How To Win the Westminster Dog Show
Step 1: Find a poodle. Step 2: Get a big-money backer.
TIMOTHY A. CLARY/AFP/Getty Images
For his new book, Show Dog: The Charmed Life and Trying Times of a Near-Perfect Purebred, Josh Dean spent more than a year following Jack, a champion Australian Shepherd. What follows is an excerpt from the book, adapted from a chapter on the world of show-dog backers. Also see our Magnum Photos gallery on dog shows.
If you spend a few weekends attending dog shows, you’ll pick up some surprising kibbles of knowledge along the way. You’ll learn, for instance, that any white dog is likely to be covered in powdered chalk. Or that certain breeds—bulldogs, for one—are incapable of reproducing without human intervention. You’ll also discover that the exorbitant expenses required to put a successful show dog on the road aren’t paid by the dogs’ owners. Yes, all the top dogs have backers, sometimes several of them.
If show-dog investors were our solar system, Ron Scott would be one of the larger planets—at least Saturn, if not Jupiter. Scott will tell you that the white hot sun that scorches all earth is Victor Malzoni, a Sao Paolo-based construction magnate who backs six or seven dogs a year in the United States, plus handfuls more in Europe and Brazil. “He’s a very wealthy man whose passion happens to be dogs,” Scott told me, while finishing up breakfast at his home in Pennsylvania. “He has a Gulfstream big enough to fly back and forth from Sao Paolo to New York City.”
Scott, a retired entrepreneur—he sold his forklift company in 2007—lives a bit more modestly than Malzoni but is no less passionate about dogs. The 68-year-old, who backs dogs along with his “partner in all things,” former professional handler Debbie Burke, is the former chairman of the Harrisburg Dog Show and a 30-plus-year participant in shows. His greatest legacy, though, is his partnership with Japanese poodle maestro Kaz Hosaka. For the past 15 years, Scott has served as the backer to Hosaka’s top dog—or dogs—paying not only handling and travel fees but also for the hundreds of pages of advertisements that promote them.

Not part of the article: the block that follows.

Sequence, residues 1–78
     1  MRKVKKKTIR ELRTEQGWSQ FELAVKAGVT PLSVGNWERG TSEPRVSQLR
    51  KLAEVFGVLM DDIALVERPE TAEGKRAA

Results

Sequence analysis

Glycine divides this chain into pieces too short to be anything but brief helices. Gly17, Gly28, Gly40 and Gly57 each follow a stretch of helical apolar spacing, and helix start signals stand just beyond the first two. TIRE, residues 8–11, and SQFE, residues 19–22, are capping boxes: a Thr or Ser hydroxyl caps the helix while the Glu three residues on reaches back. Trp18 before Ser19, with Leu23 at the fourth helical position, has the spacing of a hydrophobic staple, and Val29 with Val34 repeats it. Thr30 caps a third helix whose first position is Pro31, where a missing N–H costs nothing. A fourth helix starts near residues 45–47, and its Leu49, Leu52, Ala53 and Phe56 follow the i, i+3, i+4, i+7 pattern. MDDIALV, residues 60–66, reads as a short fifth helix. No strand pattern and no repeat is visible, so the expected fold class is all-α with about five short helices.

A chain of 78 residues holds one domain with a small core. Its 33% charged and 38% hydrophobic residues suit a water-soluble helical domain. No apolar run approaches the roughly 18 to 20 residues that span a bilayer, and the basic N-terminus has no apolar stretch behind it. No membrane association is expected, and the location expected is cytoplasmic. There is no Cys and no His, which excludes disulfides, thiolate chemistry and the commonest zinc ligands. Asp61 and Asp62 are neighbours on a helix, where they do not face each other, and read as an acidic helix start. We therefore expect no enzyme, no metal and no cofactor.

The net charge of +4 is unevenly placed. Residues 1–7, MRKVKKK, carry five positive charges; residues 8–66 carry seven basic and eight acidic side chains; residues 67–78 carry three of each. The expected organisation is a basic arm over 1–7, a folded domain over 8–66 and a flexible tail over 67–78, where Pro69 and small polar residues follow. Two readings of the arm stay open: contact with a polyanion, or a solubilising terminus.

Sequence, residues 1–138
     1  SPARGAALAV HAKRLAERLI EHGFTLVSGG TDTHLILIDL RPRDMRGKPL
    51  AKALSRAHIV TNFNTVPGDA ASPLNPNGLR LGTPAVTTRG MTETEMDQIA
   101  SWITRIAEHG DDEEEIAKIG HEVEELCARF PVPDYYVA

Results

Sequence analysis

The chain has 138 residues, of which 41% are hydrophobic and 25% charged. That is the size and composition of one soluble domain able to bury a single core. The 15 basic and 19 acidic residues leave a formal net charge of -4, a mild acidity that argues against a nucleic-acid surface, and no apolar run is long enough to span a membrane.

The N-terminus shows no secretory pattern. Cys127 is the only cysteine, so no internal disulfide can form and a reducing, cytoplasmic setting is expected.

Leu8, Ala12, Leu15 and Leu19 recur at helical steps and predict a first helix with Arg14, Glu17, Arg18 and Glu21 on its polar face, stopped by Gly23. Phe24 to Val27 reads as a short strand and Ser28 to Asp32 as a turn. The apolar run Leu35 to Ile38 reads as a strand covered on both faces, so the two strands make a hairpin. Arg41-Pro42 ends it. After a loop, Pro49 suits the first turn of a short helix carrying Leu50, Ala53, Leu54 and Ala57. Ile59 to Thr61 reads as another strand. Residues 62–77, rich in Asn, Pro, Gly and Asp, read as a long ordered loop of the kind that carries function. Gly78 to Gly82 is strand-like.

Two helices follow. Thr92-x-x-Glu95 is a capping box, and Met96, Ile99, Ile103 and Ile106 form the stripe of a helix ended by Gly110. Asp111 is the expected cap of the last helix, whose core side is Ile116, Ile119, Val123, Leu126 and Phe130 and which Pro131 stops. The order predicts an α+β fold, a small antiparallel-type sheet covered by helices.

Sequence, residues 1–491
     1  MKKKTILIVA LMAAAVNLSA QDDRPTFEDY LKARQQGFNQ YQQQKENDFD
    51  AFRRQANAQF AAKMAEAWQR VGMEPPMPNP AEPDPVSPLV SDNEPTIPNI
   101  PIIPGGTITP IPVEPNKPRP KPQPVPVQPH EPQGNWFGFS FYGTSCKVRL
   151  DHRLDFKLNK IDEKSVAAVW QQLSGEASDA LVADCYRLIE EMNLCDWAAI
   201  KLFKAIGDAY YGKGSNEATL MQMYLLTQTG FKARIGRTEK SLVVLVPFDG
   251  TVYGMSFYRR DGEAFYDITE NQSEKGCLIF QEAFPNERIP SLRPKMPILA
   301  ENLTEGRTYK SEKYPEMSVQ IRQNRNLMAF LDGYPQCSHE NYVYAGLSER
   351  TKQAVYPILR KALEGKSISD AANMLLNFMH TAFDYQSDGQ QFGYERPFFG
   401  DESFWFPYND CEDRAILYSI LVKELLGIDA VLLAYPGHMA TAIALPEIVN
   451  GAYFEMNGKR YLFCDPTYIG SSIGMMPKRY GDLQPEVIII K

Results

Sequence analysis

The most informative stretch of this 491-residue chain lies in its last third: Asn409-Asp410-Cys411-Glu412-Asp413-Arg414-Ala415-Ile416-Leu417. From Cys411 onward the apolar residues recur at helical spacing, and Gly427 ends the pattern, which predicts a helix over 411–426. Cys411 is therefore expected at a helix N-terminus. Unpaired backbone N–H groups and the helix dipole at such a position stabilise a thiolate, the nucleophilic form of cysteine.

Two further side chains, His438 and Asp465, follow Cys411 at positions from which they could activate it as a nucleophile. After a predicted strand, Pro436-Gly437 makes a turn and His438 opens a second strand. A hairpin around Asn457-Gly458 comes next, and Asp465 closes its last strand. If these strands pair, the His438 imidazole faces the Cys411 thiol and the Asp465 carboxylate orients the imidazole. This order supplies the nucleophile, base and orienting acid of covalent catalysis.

Competition in poodles is especially fierce. “There is nothing that takes more work or money than poodles,” famed former handler Pat Hastings told me. “The average owner simply cannot compete against professionals when it comes to scissoring and coat care. People have real lives.” I don’t know if this is the main reason the breed has become a magnet for wealthy backers, or if poodles just have cachet. Probably, both things are true. As is this: Poodles win more dog shows than any other breed. That’s what attracted Ron Scott.
Scott’s background was in Yorkshire Terriers, a breed he fell into through his ex-wife. One dog turned into a breeding and showing hobby that very quickly consumed both of them. Scott came to love the competition, and especially winning, but soon winning breed ribbons wasn’t enough. He wanted Groups, and then Bests in Show. And he found that it was very difficult to win Best in Show with Yorkshire Terriers.
If Scott wanted to compete for titles, the choice seemed rather obvious. “Poodles do very well,” he explained. “There are probably more Bests in Show in one weekend by poodles than all the Flat-Coated Retrievers would have in an entire year. And you could say that about a lot of breeds. It’s just the way it is.”
Scott didn’t tiptoe into the poodle waters—he cannon-balled. In the late 1990s, he threw his money behind a new arrival from Japan: a toy poodle named Spirit, handled by the master Kaz Hosaka. “I loved his ability to transform a dog into something so beautiful and train it so well,” Scott says. “I had the best of all possible worlds—a really good dog and a person to make that dog the best it could be.” Spirit didn’t disappoint. He won 25 Bests in Show as well as Best of Variety at the 1998 and 1999 National Poodle Specialty shows.
Spirit’s success got Scott hooked on poodles, leading him to comb the world for the absolute best stock. Scott won Westminster, in 2002, with a Miniature Poodle named Spice Girl that Hosaka bred. Their standard poodle Justin was the No. 1 non-sporting dog in America in 2005, and then the two men discovered Vikki, “this little Toy Poodle bitch at Smash Kennels in Japan.” Vikki went on to be the No. 1 dog in America, all-breed, in 2007, and then the top toy poodle of all-time, with 108 Bests in Show. “She was just an extraordinary little animal to watch,” Scott says.
Scott had found his poodle source. “Our deal is simple,” he explains. The proprietors of Smash Kennels, a mother-son team in Fuji City, Japan, offer Scott first pick of every litter and send the dogs off to America to be campaigned by Hosaka. Scott pays nothing for a dog, but picks up all the expenses, and then returns it home to be bred once retired. By charging nothing for a dog that comes back to them a year or two later, the breeders have, in essence, shorted the dog like a stock. And while Scott pays nothing for the dog, he pays plenty to campaign it. This arrangement, he says, is ideal. “I get to pick the best dogs, show them, and send them back to be reintroduced to the breeding program, where hopefully a better one comes out. We’ve been doing that for 10 years.”
Josh Dean is the author of Show Dog: The Charmed Life and Trying Times of a Near-Perfect Purebred.